Finally, because Butcher did not provide the Court with any affidavits supporting his request for an evidentiary hearing regarding this claim, the Court denies his request for a hearing. Galbraith, 313 F.3d at 1009 (bare allegations do not meet threshold requirement for Section 2255 evidentiary hearing); Bruce v. United States, 256 F.3d 592, 597 (7th Cir. 2001) ("hearing is not necessary if the petitioner makes allegations that are 'vague, conclusory, or palpably incredible,' rather than 'detailed and specific.'")

II. Ineffective Assistance of Counsel -- Insufficient Evidence

Next, Butcher contends that there was insufficient evidence to support his conviction for conspiring to distribute cocaine. In his reply brief, Butcher makes this argument in the context of his counsel's ineffectiveness for failing to recognize this fact and for advising him to enter into the plea agreement.

To establish ineffective assistance of counsel, Butcher must show (1) his attorneys' performance "fell below an objective standard of reasonableness," Strickland v. Washington, 466 U.S. 668, 688, 104 S.Ct. 2052, 80 L.Ed.2d 674 (1984), and (2) "but for counsel's unprofessional errors the result of the proceeding would have been different." Id. at 694. If Butcher fails to make a proper showing under one of the Strickland prongs, the Court need not consider the other. See id.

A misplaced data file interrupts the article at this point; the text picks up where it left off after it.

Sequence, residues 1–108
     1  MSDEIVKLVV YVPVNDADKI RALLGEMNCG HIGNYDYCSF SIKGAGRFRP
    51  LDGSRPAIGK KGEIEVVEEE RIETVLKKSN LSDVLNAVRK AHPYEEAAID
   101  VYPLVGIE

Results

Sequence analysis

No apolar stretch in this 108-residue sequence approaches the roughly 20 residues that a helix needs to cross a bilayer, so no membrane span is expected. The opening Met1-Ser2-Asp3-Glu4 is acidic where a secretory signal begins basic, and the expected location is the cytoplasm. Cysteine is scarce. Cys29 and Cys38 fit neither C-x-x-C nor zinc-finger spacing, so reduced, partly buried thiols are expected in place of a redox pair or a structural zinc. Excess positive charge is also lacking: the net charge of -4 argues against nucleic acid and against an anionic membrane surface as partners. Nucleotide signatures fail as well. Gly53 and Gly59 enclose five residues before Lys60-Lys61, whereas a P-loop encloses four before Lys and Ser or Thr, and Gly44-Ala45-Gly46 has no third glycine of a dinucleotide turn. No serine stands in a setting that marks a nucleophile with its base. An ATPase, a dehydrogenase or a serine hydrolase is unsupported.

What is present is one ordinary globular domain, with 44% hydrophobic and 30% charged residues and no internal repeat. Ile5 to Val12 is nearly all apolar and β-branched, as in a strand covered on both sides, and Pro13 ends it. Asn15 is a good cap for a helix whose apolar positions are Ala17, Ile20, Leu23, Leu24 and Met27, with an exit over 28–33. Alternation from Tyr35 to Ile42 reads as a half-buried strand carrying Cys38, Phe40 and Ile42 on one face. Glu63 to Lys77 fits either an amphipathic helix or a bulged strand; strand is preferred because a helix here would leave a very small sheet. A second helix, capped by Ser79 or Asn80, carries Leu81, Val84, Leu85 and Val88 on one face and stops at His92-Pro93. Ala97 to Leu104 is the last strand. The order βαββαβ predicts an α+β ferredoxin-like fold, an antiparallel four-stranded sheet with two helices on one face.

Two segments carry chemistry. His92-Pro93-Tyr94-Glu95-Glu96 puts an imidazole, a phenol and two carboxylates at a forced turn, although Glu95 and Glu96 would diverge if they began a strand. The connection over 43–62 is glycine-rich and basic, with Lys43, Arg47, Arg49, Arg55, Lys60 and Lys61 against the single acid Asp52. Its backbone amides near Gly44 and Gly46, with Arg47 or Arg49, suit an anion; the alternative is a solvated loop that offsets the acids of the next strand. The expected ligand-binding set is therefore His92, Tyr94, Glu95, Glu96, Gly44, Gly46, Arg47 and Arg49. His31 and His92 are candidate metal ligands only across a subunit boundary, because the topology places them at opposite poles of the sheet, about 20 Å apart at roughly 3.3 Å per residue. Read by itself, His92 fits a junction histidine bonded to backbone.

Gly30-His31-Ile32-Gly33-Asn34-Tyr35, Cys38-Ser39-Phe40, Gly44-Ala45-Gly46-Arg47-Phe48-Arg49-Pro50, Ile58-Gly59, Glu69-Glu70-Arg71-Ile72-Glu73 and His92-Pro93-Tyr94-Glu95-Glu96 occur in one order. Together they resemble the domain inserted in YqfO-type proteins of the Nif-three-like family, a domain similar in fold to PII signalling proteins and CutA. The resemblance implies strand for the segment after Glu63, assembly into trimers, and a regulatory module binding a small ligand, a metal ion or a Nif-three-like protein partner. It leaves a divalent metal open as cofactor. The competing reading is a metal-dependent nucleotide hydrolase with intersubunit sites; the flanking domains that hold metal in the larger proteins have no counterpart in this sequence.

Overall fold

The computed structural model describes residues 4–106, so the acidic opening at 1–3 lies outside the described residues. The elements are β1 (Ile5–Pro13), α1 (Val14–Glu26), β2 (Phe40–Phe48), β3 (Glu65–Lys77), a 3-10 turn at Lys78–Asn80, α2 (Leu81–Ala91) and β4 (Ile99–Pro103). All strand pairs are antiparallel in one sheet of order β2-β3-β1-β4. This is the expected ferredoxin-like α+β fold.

In the context of a guilty plea, the Supreme Court has articulated that "a defendant who pleads guilty upon the advice of counsel may only attack the voluntary and intelligent character of the guilty plea by showing that the advice he received was constitutionally ineffective." Hill v. Lockhart, 474 U.S. 52, 56, 106 S.Ct. 366, 88 L.Ed.2d 203 (1985) (quotations omitted). In this context, under the prejudice prong of the Strickland standard, "the defendant must show that there is a reasonable probability that, but for counsel's errors, he would not have pleaded guilty and would have insisted on going to trial." United States v. Villegas, 388 F.3d 317, 323 (7th Cir. 2004); see also Hill, 474 U.S. at 58-60.

Here, Butcher does not set forth any arguments concerning his attorney's constitutionally inadequate performance nor does Butcher explain how he was prejudiced by counsel's actions. In fact, he never mentions that he would have gone to trial but for his counsel's advice. See Villegas, 388 F.3d at 323. Further, Butcher does not attack the voluntariness of his plea. See Hill, 474 U.S. at 56. Simply put, Butcher's unsubstantiated and conclusory statements cannot support his ineffective assistance of counsel claim. United States v. Turcotte, 405 F.3d 515, 537 (7th Cir. 2005). Thus, Butcher's second ineffective assistance of counsel claim fails.

III. Career Offender Status